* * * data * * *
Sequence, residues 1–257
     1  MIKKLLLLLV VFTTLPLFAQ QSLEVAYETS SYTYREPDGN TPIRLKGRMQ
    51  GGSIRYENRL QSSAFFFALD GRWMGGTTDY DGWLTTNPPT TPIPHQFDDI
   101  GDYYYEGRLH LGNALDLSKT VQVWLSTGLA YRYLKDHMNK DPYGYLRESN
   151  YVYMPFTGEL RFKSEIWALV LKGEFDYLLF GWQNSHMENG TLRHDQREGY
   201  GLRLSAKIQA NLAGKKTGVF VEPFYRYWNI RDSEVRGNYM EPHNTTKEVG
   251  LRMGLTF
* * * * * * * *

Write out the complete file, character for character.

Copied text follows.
Sequence, residues 1–257
     1  MIKKLLLLLV VFTTLPLFAQ QSLEVAYETS SYTYREPDGN TPIRLKGRMQ
    51  GGSIRYENRL QSSAFFFALD GRWMGGTTDY DGWLTTNPPT TPIPHQFDDI
   101  GDYYYEGRLH LGNALDLSKT VQVWLSTGLA YRYLKDHMNK DPYGYLRESN
   151  YVYMPFTGEL RFKSEIWALV LKGEFDYLLF GWQNSHMENG TLRHDQREGY
   201  GLRLSAKIQA NLAGKKTGVF VEPFYRYWNI RDSEVRGNYM EPHNTTKEVG
   251  LRMGLTF